Going to London has always been a dream of mine as far as I can remember. England became an ideal place in my mind, far far away from home, where I could be happy. When I would ask my parents if we could ever go, they would say that it was too soon, that I had to wait until I grew up. To be honest, they would give me the same answer whenever I asked them to take me to Disneyland.
I grew up, but my parents never took me to London – or Disneyland. London was still the Wonderland of my dreams and English had become my secondary language (of three) in a country where saying you don’t go to the cinema because you can’t stand dubbed films sounds crazy.
I needed to really submerge myself in English – I also needed to escape from home – so I did some research and I learned about au-pairs. After talking with different work agencies and English schools that had these kind of programs, I decided that London would have to wait because it was way more expensive than any other European destination, but it was fine, at least I would be talking in English 24/7… in Irealnd.
It was the summer of 2010, I was 19 and I lived with a family of seven children – no kidding – in a small town called Gorey. After a couple weeks of adjustment, I had the time of my life and even though I really wanted to come back home and see my little sister and my family again when it was over, I immediately wanted to go back.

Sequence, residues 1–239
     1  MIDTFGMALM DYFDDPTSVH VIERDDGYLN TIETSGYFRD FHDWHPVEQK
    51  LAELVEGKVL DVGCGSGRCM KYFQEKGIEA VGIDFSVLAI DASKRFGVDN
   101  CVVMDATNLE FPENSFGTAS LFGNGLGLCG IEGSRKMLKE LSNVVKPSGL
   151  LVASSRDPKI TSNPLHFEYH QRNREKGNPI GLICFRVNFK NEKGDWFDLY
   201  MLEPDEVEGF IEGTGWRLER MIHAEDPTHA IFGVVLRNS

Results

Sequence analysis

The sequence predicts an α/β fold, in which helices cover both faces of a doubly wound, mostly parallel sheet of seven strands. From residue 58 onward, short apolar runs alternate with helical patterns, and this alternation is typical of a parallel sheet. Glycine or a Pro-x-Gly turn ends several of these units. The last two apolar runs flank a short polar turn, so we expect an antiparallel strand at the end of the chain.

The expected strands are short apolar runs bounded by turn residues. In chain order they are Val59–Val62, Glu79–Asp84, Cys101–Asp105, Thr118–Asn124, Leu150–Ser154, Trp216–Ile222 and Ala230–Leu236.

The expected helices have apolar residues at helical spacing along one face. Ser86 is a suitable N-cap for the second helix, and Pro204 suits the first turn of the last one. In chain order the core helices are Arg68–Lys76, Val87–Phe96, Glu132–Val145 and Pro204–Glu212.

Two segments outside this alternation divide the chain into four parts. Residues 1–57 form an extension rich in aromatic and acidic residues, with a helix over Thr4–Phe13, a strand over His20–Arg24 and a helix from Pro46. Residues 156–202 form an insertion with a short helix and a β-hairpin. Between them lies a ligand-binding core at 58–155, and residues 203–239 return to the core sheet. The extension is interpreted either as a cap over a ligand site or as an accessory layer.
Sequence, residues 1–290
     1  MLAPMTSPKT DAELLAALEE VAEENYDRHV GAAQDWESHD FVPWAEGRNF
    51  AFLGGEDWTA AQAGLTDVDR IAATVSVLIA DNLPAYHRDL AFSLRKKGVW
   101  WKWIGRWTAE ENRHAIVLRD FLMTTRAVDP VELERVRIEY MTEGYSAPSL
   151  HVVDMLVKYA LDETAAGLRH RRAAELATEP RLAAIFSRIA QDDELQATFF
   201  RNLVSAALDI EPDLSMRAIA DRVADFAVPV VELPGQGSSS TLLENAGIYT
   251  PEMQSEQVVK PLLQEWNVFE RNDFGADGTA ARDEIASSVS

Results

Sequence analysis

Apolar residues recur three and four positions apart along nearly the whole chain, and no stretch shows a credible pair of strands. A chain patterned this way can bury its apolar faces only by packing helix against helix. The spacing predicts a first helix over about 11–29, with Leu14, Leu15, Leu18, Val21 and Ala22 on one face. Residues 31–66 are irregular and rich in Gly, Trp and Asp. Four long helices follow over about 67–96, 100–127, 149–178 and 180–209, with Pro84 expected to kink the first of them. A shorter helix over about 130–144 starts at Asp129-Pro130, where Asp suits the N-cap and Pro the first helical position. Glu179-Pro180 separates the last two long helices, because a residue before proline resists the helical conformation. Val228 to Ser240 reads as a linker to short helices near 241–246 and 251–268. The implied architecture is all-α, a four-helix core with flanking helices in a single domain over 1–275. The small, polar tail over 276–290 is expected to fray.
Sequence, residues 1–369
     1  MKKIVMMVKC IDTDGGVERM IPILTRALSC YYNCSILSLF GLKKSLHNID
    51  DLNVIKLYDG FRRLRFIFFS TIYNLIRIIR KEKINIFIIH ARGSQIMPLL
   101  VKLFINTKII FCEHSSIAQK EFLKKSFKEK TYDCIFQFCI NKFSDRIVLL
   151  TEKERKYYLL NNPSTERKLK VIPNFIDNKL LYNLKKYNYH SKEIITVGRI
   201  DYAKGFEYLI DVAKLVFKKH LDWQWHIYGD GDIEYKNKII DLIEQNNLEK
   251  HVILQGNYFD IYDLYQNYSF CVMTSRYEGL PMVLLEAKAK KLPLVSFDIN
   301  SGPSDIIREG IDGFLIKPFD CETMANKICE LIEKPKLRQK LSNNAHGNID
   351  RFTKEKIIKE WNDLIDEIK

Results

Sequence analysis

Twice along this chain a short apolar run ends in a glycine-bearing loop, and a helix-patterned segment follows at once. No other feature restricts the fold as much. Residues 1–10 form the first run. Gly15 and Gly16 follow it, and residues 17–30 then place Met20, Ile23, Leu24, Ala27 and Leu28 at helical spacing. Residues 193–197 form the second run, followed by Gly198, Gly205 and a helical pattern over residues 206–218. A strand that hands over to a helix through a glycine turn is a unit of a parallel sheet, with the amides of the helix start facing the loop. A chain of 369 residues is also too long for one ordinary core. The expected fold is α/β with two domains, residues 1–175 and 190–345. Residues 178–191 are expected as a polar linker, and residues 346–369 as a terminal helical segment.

I realised that I kind of become a different person while being in Ireland, a happier person, in peace with myself… just like it happens when you are with someone you love, someone you’re comfortable with and you can be yourself around them, your real self. That’s how I felt during those few months and I had to come home and look back to actually notice the change.
I promised myself I would repeat the experience, that I would au-pair somewhere else, maybe in Dublin, or maybe even in the UK, but time passed, and life went on, money was tight, I continued studying and working, and I grew up even more.
Finally, and by surprise, the opportunity came: the language school that I’d always attended and where I was giving classes to a couple groups of little children was planning a trip to London with the 15-and-older students. May 15th, 2015, the day I landed in London, at last!
We were there for only four days, there was so much to do, so much to see… we were in a schedule and we sprinted everywhere, but it was enough; enough time for that part of me that I discovered in Ireland to wake up again, that alter ego that is more honest to myself than who I usually am, that feeling, that energy coming from deep inside my guts, a cry to explore, to see, to feel, to do… I was home!
It sounds crazy, I know, crazy and cheesy, but it’s the truth. There, I felt like I belonged, like I could do anything I wanted, something I don’t feel here, at ‘home’. It’s ironic, I guess, that after so many years saying I wanted to run far far away from home, it turned out that I was actually just trying to get there.
Have you moved far away from your home?